allowing pupil injured in school bus accident to sue her father, as operator of bus, where father was protected by indemnity insurance in his vocational capacitySummary of this case from Landis v. Hearthmark, LLC
Submitted October 11, 1932.
Decided October 25, 1932.
Error to Circuit Court, Mercer County.
Action by Myrtle Lusk against Ed Lusk and another. Judgment for defendants, and plaintiff brings error.
Reversed; new trial awarded.
Wm. Cody Fletcher and H. E. De Jarnette, for plaintiff in error.
French, Easley, Easley French, for defendants in error.
This is an action in assumpsit by a school girl, sixteen years of age, to recover damages for personal injuries which she suffered from the alleged negligent operation of a school bus. She would reverse here a directed verdict for defendants below.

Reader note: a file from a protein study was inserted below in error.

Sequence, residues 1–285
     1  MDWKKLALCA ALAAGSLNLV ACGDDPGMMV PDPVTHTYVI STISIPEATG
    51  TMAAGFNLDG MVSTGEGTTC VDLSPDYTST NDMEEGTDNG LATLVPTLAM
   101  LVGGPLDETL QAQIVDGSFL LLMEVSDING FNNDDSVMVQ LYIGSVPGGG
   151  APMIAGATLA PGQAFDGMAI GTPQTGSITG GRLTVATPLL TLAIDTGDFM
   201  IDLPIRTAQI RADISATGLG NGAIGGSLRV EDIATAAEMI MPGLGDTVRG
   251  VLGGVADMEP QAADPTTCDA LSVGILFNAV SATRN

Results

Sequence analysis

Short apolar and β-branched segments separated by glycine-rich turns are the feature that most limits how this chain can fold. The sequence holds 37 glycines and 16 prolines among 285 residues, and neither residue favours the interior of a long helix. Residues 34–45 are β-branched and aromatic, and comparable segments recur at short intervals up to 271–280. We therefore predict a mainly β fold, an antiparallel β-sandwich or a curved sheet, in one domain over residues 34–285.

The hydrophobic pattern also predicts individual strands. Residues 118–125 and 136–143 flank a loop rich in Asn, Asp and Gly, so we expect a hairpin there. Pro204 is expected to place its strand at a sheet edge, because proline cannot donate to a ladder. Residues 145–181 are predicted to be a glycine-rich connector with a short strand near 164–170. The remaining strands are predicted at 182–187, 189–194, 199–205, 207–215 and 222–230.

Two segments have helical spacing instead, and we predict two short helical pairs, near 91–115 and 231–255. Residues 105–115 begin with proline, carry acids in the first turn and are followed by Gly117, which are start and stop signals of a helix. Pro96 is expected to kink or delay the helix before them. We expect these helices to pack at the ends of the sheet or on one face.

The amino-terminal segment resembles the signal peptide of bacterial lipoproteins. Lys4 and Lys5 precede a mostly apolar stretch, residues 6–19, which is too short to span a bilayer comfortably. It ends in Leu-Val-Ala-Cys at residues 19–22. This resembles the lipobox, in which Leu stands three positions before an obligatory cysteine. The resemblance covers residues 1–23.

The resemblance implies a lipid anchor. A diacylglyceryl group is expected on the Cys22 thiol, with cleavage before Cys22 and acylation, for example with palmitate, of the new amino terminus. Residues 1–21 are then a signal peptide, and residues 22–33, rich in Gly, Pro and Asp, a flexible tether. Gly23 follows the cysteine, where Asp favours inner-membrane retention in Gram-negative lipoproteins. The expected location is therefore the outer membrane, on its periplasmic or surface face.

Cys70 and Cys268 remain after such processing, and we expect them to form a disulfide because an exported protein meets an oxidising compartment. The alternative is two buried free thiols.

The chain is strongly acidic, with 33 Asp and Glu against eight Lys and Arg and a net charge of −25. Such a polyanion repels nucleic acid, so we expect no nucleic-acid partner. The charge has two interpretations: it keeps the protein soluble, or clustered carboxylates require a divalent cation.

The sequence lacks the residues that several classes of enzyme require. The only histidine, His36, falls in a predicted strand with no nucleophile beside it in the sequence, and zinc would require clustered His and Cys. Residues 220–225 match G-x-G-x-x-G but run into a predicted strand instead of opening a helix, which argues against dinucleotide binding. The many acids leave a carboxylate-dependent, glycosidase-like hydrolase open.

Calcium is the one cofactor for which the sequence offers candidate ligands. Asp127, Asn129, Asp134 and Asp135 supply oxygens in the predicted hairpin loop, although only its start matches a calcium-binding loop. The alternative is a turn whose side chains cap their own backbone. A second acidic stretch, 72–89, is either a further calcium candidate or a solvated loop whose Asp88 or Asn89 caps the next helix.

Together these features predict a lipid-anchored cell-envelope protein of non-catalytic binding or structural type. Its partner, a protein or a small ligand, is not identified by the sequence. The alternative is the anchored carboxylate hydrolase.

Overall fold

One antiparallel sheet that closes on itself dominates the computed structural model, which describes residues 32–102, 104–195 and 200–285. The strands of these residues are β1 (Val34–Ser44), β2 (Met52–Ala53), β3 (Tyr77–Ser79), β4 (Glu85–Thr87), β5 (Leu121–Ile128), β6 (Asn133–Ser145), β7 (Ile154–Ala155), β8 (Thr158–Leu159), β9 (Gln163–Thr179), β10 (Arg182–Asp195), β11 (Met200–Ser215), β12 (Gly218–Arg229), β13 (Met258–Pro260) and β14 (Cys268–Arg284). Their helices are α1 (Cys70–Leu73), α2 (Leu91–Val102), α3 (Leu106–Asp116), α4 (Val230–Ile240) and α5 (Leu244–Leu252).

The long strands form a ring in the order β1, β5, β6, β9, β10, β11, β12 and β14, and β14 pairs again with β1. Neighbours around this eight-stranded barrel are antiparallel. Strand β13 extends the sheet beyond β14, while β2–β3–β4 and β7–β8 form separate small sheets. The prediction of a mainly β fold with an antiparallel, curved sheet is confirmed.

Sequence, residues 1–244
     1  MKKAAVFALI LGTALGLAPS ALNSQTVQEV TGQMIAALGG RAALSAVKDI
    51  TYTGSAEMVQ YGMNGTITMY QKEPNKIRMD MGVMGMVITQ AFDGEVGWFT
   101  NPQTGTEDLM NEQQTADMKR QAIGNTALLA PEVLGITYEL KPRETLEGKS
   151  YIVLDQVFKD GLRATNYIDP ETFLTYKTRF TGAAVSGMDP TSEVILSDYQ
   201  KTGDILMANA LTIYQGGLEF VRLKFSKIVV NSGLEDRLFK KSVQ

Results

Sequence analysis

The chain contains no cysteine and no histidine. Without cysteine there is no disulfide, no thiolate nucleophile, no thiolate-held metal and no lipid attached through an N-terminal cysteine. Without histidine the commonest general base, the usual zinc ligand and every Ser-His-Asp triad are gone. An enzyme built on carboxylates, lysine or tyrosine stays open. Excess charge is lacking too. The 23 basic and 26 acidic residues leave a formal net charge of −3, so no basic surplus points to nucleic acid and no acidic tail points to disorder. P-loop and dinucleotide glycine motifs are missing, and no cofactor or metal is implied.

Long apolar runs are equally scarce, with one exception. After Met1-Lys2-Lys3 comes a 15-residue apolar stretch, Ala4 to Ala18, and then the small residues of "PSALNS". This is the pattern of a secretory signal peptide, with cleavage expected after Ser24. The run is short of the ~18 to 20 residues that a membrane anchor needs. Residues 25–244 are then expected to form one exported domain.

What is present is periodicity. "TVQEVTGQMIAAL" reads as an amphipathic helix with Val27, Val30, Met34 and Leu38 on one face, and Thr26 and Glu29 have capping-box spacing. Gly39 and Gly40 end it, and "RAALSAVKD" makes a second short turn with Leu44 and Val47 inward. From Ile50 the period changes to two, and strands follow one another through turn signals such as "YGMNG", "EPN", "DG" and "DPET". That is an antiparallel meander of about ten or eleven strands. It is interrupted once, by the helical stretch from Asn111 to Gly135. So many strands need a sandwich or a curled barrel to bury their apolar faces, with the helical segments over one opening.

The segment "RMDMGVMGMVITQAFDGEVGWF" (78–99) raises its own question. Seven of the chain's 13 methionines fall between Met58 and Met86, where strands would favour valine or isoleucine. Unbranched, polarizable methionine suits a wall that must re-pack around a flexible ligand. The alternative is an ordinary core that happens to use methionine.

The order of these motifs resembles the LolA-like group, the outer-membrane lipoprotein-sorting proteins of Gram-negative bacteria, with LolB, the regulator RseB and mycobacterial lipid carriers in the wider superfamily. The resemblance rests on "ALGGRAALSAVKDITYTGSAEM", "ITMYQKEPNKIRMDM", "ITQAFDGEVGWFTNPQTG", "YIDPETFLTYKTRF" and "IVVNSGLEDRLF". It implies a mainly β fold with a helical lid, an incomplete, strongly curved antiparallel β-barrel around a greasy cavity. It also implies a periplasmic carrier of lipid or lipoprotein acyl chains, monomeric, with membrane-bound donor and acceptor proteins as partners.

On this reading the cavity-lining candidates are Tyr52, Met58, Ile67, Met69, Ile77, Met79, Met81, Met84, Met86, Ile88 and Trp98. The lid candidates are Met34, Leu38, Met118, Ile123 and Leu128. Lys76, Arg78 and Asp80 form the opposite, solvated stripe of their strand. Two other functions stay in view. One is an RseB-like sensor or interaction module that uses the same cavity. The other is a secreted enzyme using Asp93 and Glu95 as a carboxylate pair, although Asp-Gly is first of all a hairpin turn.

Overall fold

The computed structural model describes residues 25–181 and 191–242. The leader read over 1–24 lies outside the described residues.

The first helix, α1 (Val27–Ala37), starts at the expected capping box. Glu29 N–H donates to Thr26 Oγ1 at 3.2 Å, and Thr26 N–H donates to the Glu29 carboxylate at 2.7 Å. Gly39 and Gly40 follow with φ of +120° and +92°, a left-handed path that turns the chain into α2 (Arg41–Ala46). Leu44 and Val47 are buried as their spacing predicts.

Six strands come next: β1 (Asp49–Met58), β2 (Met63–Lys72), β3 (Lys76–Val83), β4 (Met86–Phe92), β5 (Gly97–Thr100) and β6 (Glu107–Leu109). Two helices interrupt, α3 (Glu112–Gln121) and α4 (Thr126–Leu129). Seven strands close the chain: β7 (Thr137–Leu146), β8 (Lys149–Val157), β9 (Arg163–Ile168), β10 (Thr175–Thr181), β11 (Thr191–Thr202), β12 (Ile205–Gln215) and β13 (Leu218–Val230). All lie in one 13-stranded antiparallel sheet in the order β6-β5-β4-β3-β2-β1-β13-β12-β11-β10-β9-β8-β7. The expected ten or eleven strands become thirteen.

The plaintiff is an unemancipated minor residing with her father, the defendant Ed Lusk. He owned the bus and operated it under a contract with the defendant board of education to transport the school children along a certain route to and from school. The contract bound him to furnish a "safe conveyance", keep it in "good repair", and "use the greatest care and precaution for the protection and comfort of the pupils transported." He and the board carried an indemnity insurance policy with the defendant Guaranty Company, which insured them against loss and/or expense arising from claims for damages of "any person", except their employees, for bodily injuries, etc., in consequence of an accident attributable to the operation of the bus. The policy contained the usual direct public liability clause in the form prescribed by the state road commission. For copy of the form, see Criss v. Guaranty Co., 105 W. Va. 380, 381-2, 142 S.E. 849. Plaintiff was on the bus (front seat) going to school when a rubber water connection on the bus engine burst and permitted the escape of a quantity of steam and hot water, some of which fell on her. This frightened her and she leaped from the bus, breaking her ankle. The original hose water connection had worn out and had been replaced by a section of an old inner tube, and its use is charged as negligence. A dealer in automobile parts stated that the hose is strengthened by cotton fabric, and was of opinion that use of the tube in place of the hose was not safe and was not "in keeping with ordinary practice and prudence". Ed Lusk, called as a witness for plaintiff, said that a regular hose connection would burst too, and from his experience with both hose and inner tube, was of opinion that the tube was as serviceable and as safe as the hose. (This testimony was brought out on the cross-examination of Lusk and for that reason would not preclude the plaintiff.)